NASA astronauts fix leak on International Space Station (+video)

Astronauts Thomas Marshburn and Christopher Cassidy conducted a spacewalk Saturday to fix an ammonia leak. They replaced a suspected faulty pump on the International Space Station. 

By , Staff writer

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    The gloved hands of one of two astronauts working to replace a possible faulty pump on the International Space Station that was leaking ammonia.
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UPDATED: 4:30 p.m., Saturday.

As a nearly five-hour spacewalk Saturday morning drew to a close, the two astronauts replaced a suspected faulty pump in an effort to fix an ammonia coolant leak on the International Space Station.

Astronauts Thomas Marshburn and Christopher Cassidy began their spacewalk at 8:44 a.m. Saturday. The two successfully replaced a 60-pound pump box which NASA suspected was the source of the leaking ammonia coolant. They found no evidence of the frozen ammonia flakes that had originally led them to the pump box. The astronauts also found no evidence of damage to the pump box.

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The walk was hastily planned after ISS crew members alerted Mission Control about the leak on Thursday when they spotted "snowflakes" of frozen ammonia floating near the pump box. NASA says that it has been aware of a slow ammonia leak, but the rate had jumped to 5 pounds per day on Thursday.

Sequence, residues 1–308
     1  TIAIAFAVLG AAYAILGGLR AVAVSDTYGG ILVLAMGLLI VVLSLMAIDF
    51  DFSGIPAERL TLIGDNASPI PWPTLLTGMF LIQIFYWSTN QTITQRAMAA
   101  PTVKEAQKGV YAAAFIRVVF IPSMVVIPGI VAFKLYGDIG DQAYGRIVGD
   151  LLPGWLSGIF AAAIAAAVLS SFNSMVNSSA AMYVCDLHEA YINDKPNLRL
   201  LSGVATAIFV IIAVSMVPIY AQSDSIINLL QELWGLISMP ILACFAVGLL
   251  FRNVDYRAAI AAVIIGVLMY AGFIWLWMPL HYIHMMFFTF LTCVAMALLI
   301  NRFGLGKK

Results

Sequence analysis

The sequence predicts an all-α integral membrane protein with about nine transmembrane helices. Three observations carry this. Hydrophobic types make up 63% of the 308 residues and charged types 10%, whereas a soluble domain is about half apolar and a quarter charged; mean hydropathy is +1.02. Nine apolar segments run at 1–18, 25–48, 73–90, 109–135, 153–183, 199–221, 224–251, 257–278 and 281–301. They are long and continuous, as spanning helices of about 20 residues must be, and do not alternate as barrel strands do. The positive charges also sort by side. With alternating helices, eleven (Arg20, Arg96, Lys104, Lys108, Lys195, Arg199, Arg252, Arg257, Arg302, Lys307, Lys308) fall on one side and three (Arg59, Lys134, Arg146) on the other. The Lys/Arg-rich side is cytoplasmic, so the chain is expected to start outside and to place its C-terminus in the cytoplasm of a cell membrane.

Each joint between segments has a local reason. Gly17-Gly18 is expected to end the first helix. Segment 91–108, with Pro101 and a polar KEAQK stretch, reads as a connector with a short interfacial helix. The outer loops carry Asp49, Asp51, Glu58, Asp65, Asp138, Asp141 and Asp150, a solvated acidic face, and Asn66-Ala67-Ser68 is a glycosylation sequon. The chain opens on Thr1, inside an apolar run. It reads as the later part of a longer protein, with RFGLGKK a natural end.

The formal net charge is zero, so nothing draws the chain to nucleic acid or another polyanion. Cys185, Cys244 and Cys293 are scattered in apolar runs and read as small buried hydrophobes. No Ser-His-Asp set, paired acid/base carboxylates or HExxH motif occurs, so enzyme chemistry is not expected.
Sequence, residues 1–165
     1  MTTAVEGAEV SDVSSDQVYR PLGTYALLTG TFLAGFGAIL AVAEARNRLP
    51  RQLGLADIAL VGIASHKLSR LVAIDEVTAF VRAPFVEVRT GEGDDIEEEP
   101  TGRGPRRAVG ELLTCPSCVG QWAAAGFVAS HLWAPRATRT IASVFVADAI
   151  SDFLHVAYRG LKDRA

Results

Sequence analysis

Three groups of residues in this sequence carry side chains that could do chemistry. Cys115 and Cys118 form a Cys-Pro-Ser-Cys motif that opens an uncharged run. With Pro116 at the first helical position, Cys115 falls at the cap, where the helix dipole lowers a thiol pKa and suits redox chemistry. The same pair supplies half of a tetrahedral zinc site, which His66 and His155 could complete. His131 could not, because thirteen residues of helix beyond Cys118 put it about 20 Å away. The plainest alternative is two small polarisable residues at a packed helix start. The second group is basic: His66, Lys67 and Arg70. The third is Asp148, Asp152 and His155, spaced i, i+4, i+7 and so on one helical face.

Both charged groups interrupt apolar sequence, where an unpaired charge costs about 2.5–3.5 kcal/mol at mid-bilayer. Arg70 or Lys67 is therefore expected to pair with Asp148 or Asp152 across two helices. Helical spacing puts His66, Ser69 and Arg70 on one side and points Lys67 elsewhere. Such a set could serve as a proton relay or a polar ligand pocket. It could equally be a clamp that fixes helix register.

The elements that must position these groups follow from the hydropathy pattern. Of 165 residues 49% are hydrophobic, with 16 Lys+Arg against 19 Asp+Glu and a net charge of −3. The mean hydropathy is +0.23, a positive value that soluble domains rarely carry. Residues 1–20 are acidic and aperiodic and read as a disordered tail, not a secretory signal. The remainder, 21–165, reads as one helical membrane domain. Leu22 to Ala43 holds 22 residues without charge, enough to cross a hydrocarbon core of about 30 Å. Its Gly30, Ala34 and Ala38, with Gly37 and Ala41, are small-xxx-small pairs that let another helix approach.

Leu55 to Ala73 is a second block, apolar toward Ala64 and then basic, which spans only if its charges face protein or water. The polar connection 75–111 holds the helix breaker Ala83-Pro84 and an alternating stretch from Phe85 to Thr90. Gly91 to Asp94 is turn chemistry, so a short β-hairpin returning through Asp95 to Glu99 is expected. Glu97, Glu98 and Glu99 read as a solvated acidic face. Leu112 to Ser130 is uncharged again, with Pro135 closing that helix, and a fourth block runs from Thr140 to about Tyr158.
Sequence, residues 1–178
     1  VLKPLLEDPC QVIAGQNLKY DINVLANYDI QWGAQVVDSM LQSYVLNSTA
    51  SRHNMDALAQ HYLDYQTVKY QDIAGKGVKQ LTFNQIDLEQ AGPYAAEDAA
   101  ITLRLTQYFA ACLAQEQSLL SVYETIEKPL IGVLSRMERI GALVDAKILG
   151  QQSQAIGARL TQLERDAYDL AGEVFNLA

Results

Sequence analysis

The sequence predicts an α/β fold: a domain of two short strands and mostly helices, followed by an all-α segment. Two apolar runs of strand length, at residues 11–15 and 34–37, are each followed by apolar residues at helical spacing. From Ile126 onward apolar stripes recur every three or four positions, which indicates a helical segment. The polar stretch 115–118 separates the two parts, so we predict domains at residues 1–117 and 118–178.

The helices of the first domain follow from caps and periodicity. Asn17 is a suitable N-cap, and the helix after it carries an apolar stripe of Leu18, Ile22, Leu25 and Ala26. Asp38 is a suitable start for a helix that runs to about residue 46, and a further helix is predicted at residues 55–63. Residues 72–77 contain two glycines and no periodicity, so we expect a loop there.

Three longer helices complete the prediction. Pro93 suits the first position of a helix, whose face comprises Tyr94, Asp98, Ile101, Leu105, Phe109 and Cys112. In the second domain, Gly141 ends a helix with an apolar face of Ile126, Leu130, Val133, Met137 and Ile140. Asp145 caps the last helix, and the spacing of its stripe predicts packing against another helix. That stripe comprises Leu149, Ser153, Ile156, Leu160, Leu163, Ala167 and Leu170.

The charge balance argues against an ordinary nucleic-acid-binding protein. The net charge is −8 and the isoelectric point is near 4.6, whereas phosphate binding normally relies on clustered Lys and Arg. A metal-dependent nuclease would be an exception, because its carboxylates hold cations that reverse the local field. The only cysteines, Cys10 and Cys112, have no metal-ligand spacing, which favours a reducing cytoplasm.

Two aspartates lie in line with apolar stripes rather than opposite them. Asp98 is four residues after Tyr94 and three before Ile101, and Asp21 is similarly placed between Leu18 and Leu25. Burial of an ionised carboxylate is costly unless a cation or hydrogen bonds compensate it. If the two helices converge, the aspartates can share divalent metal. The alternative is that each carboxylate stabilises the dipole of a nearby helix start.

The ammonia coursing through the plumbing is used to cool the space station's electronic equipment, according to the Associated Press. There are eight of these power channels, and all seven others were operating normally. As a result, life for the six space station residents was pretty much unaffected.

NASA's space station program manager Mike Suffredini said it's a mystery as to why the leak erupted on Thursday. One possibility is a micrometeorite strike.

By 1:20 p.m. Saturday, Cassidy and Marshburn were finished with the space walk, and were heading back to the airlock. They saw no sign of leaks coming from the new pump. NASA engineers continued to pressure check the system and be certain that the new pump is working properly. 

"We're happy, we're very happy [with the space walk]," said Joel Montalbano, Deputy ISS Program Manager, in a press conference in Houston after the space walk. "We didn't see any obvious signs of leaks," but added that testing would continue in the coming days and weeks.
 

If the old pump isn't the source of the leak, NASA's hunt for the source will continue. But that will be another crew's problem. Mashburn and Canadian commander, Chris Hadfield, are scheduled to head back to Earth on Monday.

The two men are experienced space walkers: this was their fourth working sojourn outside the space station. But as they worked, there were the occasional moments when they could pause to look at the view 255 miles above the Earth. "Did you see the moon? Oh my God! Burn that in your memory, said Cassidy.

After running through a system check, the following exchange was heard:

"Houston, if you're still there, I'm feelin great," said Cassidy.

"We're still there. Copy that on feelin great," responded Mike Fincke, an astronaut who was guiding the duo from NASA's Johnson Space Center in Houston.

NASA broadcast the spacewalk live on its website.

 

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